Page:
DigitalReach, a digital rights organization founded in 2019, has released its latest report detailing the digital rights situation in Southeast Asia. In their overall assessment, they claimed many Southeast Asian governments are playing a part in suppressing the rights of their citizens:
…information disorders have been weaponized for political gain, while oppressive governments have tried to control the internet, particularly through social media, and crackdown on dissidents using digital surveillance as a tactic.
The report covered eight countries in the region: Cambodia, Indonesia, Malaysia, Myanmar, Philippines, Singapore, Thailand, and Vietnam. They predominantly focused on the decline of democracy in Myanmar under the military junta, the use of TikTok to spread disinformation during the elections in the Philippines and Malaysia, and the discovery of Pegasus spyware in Thailand.
DigitalReach's report detailed the repressive policies of the junta in Myanmar, which grabbed power during a coup in February 2021. They also highlighted Myanmar's ongoing pro-democracy movement, where citizens continue to push back on the military government, despite the risk to dissidents. The activists insist: “The only solution is to restore democracy to the country and hold the Myanmar military accountable for the crimes they have committed.”
In an email interview with Global Voices, DigitalReach underscored the need to reach out to local civil society groups in Myanmar in order to bolster their work:
Myanmar civil society groups actually need a lot of support in order to proceed with their work on digital rights. Civil society has been weakened due to the political situation
sin the country. Many civil society activists have had to flee, and some of them decided to cease operations for their own safety. There is need to strategize how the remaining local organizations and activists can work together to re-build/build what is needed, particularly talent sand capacity, with safety as an important concern.
The report also analyzed how TikTok was used in the recent elections in Malaysia and the Philippines.
…short videos were used to spread information disorders for political advantage and to incite ideology-based threats. This is the first time in Southeast Asia that TikTok has played such an extensive role in elections.
It noted the limitations of fact-checking efforts because “they can only fact-check information but cannot control the spread of the content on the platforms.”
It tackled the additional role of platforms like TikTok in ensuring the safety of their users while adhering to local regulations. “These platforms will find themselves having to choose between following orders to crack down on human rights, and in particular freedom of expression, or to protect it, as the attempts to control them intensify.”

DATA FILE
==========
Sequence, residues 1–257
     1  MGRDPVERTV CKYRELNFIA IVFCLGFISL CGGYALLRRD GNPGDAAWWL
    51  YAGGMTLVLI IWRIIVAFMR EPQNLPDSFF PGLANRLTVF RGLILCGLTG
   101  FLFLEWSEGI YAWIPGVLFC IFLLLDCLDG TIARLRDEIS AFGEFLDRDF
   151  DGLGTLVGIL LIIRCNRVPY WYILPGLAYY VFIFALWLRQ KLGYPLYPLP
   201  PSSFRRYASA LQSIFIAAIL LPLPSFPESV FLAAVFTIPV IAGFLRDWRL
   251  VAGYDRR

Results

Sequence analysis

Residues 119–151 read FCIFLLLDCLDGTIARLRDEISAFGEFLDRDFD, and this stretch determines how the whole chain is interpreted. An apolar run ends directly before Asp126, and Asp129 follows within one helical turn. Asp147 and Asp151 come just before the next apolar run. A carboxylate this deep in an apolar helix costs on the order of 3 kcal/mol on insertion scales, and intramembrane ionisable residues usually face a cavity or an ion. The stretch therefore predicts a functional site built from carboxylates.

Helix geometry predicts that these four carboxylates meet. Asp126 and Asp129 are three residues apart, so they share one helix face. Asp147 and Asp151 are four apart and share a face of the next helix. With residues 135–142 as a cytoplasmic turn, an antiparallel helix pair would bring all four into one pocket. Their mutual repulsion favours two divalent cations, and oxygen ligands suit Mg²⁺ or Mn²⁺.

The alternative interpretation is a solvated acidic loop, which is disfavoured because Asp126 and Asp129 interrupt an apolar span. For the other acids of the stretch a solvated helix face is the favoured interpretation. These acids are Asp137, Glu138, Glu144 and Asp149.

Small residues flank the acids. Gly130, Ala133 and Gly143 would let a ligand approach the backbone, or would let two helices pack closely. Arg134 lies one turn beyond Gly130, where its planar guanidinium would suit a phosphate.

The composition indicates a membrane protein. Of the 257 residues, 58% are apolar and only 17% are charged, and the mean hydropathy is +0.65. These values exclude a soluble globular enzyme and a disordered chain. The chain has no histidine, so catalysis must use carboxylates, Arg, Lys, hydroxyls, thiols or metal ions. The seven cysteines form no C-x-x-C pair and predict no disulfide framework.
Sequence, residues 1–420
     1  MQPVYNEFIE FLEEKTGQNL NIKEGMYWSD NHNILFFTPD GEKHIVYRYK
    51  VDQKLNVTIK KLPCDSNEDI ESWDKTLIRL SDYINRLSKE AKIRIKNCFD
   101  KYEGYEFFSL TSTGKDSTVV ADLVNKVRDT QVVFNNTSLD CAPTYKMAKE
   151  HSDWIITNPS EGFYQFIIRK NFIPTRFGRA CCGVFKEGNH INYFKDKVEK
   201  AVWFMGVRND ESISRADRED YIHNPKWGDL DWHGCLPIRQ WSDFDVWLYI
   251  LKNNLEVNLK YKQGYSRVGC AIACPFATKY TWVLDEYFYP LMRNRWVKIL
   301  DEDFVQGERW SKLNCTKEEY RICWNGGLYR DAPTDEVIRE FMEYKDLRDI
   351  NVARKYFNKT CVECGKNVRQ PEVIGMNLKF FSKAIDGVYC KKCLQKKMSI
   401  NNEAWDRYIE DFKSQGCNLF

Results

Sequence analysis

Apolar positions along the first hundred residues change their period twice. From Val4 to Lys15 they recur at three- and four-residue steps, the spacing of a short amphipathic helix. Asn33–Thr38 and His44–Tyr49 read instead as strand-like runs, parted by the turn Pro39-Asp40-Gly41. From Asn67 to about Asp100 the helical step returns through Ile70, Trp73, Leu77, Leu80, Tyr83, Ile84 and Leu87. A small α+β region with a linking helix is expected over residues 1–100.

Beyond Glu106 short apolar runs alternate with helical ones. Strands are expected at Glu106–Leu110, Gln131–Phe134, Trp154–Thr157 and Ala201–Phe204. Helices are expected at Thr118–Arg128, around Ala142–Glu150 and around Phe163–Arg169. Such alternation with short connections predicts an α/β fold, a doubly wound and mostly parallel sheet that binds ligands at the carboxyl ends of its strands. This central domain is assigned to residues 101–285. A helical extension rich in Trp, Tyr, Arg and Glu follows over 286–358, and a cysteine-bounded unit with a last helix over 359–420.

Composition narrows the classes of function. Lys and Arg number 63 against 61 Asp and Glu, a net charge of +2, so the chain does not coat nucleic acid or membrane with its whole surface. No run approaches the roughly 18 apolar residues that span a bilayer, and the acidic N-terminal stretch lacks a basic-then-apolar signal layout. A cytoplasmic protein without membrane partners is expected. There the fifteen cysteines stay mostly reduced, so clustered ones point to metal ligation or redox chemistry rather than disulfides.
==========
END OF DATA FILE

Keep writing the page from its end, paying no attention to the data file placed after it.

The report also included the Pegasus spyware issue in Thailand and how it affected the work of activists and government critics. Pegasus is Israeli-linked spyware that authoritarian governments around the world purchased and used to track journalists, activists, politicians, and more. The scale of the Pegasus infection was detailed in a 2022 joint investigative report, The Pegasus Project.
In Thailand, the report was based on the investigation of the Citizen Lab, DigitalReach, and iLaw.
DigitalReach explained how human rights groups might counter digital surveillance in an email interview with GV:
The campaign should start with a law that can protect [citizens] from the government's abuse of surveillance technology. Many countries in Southeast Asia have laws that allow the governments to conduct lawful interceptions (for criminal purposes, for example), but there is no law to prevent the abuse where the technology has been abused against ordinary citizens. As we can see, victims of spyware are usually political dissidents or the opposition. There has to be a law and mechanism to safeguard people, particular these groups that can be easily targeted due to their political activism and stances.
In compiling the report, DigitalReach observed the limited resources available for digital security research in the region. Through email, it offered this proposal on improving research aimed at promoting democracy and pushing back against the impact of digital authoritarianism:
Our vision is that there is a need to have an institution that focuses on technical research in the region to focus on matters that need
stechnical expertise to dig into the situations. There is no institution like that yet in Southeast Asia where technical expertise is used to explore how technology can affect digital security and, in a broader sense, human rights from a local perspective. There is a need to find talents for that and set it up. There is need to monitor the situations, find out what are exactly the situations, and what can be done to alleviate the risks/stop the threats after you understand them.
In Southeast Asia, where digital authoritarianism is a culture due to authoritarian governments, it is a challenging task to actually persuade them to adopt the findings of the research. It would make more sense if there is a democratic government first. In fact, we look at it the other way around. A research can actually put them under pressure as it exposes truths, while it also alerts those who have potential to be a victim of the digital authoritarianism to protect themselves more.